If this was just a game about cleaning things up, it wouldn’t be so disappointing to be given a blueprint to follow. But it is, and it’s a shame that the theme A Little to the Left uses to present its puzzles is organized because, despite the few (slightly annoying) frustrations I mentioned earlier, it is basically a really good puzzle game. Most of them are well designed and require a lot of logic. Some of them rely on you to spot a pattern or make sure you’ve paid attention to issues from previous solutions.

Just looking at this makes me want to reach into the screen and adjust these photo frames.

There’s also Max Inferno’s own unique take on classic puzzles. A specialty are puzzle pieces, but the goal is not to put them together into a solid rectangular picture. Another puzzle is like a tangram but with additional rules to help you figure out where to place each shape. There are even a few variations of Tower of Hanoi (or what I always remember as the pancake stacks in Professor Layton) where you have to stack objects in order of size. These puzzles, which often have only one solution, are the most satisfying because there is a shared understanding upon which to build. I know what you want from me when I get jigsaw pieces. I don’t know what you expect me to do when I get a bunch of different leaf shapes.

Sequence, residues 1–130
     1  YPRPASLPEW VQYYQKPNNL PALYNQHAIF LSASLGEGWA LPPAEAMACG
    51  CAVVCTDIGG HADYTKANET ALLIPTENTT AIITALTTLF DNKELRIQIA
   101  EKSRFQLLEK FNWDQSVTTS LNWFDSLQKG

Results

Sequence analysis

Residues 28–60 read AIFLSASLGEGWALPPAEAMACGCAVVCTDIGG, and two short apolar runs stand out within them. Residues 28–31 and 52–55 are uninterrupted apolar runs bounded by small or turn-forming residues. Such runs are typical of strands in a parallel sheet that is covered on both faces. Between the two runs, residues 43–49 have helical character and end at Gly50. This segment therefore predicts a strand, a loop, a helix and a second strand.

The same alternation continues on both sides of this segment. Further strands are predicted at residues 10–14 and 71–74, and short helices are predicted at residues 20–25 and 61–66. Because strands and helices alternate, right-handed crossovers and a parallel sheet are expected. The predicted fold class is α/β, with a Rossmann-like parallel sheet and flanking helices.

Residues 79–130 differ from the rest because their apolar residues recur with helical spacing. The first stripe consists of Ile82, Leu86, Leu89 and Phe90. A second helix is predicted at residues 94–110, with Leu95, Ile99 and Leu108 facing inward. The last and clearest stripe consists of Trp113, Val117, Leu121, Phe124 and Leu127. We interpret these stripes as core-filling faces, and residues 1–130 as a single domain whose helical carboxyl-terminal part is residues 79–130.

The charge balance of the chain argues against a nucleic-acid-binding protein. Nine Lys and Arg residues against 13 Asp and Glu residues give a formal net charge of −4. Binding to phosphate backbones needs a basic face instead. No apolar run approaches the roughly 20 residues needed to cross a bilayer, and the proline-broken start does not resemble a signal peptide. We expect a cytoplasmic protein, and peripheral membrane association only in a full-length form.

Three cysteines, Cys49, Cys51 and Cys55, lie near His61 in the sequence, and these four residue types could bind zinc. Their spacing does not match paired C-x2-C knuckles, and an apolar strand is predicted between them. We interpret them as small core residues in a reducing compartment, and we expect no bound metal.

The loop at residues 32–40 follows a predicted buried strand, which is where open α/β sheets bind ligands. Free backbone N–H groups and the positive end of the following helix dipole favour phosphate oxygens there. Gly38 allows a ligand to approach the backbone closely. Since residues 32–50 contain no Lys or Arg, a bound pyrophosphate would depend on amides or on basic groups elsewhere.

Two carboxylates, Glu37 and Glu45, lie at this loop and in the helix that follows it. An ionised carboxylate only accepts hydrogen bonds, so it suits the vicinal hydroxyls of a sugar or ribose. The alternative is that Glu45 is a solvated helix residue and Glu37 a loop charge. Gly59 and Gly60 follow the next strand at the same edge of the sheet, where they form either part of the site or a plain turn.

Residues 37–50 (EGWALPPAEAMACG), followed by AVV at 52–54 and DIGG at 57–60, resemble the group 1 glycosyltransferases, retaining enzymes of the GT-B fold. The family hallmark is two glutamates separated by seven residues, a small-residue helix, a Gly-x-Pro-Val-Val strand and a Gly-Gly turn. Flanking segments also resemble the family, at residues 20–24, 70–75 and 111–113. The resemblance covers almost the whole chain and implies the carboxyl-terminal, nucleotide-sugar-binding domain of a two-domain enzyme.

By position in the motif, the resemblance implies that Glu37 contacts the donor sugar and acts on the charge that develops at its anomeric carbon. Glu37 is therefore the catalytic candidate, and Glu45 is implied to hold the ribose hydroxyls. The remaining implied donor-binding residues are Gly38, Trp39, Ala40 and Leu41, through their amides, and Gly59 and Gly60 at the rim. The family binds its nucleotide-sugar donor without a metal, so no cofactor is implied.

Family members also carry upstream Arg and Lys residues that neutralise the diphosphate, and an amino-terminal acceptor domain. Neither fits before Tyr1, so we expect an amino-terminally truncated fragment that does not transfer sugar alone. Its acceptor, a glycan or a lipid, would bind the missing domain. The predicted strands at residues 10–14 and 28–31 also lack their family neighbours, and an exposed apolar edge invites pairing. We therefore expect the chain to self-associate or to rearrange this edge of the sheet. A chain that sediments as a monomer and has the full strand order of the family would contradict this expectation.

Some of the more abstract puzzles I struggled with. Here I felt that the game hadn’t made it clear how the game wanted me to arrange these, nor how I could work it out based on the previous solutions.

If the game offers you puzzles that are easy to click or relatively easy to deduce, it’s a pleasure to play. You learn more about the mindset of developers than meets the eye. It’s as if you’re really taking a look at how they would furnish their home. This is even emphasized by the game’s visuals and tone. Objects will rattle and shake as you interact with them, each with their own unique sound. The pop of a cardboard box, the crunch of a slice of toast, and the squeak of a cloth all remind you of the game’s home environment. It was hard for me to ever really get angry with the game when the rendering of each item was so carefully crafted. The game favors a cool pastel palette that’s easy on the eye, and the soundtrack uses lighter instruments like a xylophone and an array of stringed instruments to maintain a light and airy atmosphere throughout.

This was my favorite puzzle in the game. Although it looks tricky at first, it just requires some logic and a bit of visualization (two things I love).

It’s a shame that A Little to the Left is held back by its puzzler nature. Despite its gorgeous hand-drawn graphics and mostly well-thought-out puzzle design, it fails to escape the contradictions it introduces by offering tough solutions to the freeform creativity of cleanup.